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Friday, December 03, 2010
Google Talks About Its Copyright Policy


Google is promising to do a better job of weeding out copyright violations on the Internet.

There are more than 1 trillion unique URLs on the web and more than 35 hours of video uploaded to YouTube every minute. But along with this new wave of creators come some bad apples who use the Internet to infringe copyright. As the web has grown, Google has seen a growing number of issues relating to infringing content. Google is working to develop new ways to better address the underlying problem.

The company today announced four changes that will implement over the next several months:

* Google will act on reliable copyright takedown requests within 24 hours. The company will build tools to improve the submission process to make it easier for rightsholders to submit DMCA takedown requests for Google products (starting with Blogger and web Search). And for copyright owners who use the tools responsibly, Google will reduce its average response time to 24 hours or less. At the same time, Google will improve its "counter-notice" tools for those who believe their content was wrongly removed and enable public searching of takedown requests.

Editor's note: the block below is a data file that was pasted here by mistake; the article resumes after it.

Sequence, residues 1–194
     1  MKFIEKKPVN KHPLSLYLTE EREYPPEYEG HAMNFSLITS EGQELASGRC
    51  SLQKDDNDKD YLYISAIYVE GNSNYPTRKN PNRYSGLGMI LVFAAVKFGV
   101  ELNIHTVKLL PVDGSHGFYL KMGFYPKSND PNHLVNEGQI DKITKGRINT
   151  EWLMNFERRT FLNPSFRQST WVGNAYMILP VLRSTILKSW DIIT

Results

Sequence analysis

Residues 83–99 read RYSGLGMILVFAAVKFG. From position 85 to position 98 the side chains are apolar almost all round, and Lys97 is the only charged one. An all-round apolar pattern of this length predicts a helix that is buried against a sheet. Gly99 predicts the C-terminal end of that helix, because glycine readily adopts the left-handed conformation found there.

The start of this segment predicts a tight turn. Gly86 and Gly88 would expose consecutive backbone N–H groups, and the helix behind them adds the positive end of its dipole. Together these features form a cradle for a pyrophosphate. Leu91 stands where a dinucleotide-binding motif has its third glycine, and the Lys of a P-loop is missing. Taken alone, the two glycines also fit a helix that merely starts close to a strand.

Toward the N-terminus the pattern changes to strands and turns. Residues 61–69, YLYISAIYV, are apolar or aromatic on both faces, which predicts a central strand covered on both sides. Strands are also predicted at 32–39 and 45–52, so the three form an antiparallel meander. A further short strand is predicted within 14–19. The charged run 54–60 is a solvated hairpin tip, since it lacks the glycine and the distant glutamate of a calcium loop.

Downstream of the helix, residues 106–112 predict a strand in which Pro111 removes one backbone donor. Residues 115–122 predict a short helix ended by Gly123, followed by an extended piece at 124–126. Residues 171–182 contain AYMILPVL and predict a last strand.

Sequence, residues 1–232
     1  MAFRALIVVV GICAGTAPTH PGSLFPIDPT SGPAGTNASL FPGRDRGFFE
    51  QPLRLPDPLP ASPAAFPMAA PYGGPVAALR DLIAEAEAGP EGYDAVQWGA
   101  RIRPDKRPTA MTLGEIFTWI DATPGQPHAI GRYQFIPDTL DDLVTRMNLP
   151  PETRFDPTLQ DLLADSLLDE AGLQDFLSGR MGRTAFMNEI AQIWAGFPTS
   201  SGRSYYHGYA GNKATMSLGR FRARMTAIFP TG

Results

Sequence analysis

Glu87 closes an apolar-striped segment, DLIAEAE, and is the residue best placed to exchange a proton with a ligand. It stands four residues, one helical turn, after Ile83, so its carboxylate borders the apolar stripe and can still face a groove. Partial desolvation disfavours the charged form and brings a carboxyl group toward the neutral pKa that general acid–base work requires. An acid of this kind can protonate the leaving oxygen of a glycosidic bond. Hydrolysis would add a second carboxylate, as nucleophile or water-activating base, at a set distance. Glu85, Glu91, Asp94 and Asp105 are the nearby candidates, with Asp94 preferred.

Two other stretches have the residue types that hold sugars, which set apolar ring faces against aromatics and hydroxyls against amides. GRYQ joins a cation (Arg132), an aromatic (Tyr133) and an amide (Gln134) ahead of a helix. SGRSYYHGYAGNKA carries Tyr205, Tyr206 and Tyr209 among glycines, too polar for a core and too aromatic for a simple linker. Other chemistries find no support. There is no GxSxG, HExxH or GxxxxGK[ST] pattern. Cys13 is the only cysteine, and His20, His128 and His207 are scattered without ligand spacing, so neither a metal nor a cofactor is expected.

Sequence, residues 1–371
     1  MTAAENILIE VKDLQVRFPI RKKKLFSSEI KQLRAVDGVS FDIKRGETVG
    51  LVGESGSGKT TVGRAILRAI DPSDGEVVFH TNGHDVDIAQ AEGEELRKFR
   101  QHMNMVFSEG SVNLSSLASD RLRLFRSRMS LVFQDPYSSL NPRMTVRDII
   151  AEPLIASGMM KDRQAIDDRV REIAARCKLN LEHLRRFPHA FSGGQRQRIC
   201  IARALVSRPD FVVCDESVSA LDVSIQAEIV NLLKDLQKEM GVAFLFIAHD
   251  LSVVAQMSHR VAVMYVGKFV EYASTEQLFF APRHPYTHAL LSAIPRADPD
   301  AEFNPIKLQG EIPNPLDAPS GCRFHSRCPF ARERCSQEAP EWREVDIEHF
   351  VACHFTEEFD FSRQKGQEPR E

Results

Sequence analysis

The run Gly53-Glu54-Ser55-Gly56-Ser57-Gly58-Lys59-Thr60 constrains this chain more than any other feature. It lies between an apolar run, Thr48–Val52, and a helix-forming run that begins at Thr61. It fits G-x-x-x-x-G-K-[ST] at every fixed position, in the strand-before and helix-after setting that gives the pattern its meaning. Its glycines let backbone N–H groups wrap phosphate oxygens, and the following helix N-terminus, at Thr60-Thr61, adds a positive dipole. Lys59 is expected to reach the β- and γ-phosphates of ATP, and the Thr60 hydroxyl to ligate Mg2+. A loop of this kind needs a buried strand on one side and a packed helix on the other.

* Google will also prevent terms that are closely associated with piracy from appearing in Autocomplete.

* The company will improve its AdSense anti-piracy review. Google has always prohibited the use of its AdSense program on web pages that provide infringing materials. Building on its existing DMCA takedown procedures, Google will be working with rightsholders to identify, and, when appropriate, expel violators from the AdSense program.

* Google will experiment to make authorised preview content more readily accessible in search results.

"These changes build on our continuing efforts, such as Content ID, to give rightsholders choice and control over the use of their content, and we look forward to further refining and improving our processes in ways that help both rightsholders and users," Kent Walker, General Counsel at Google wrote at the company's blog.


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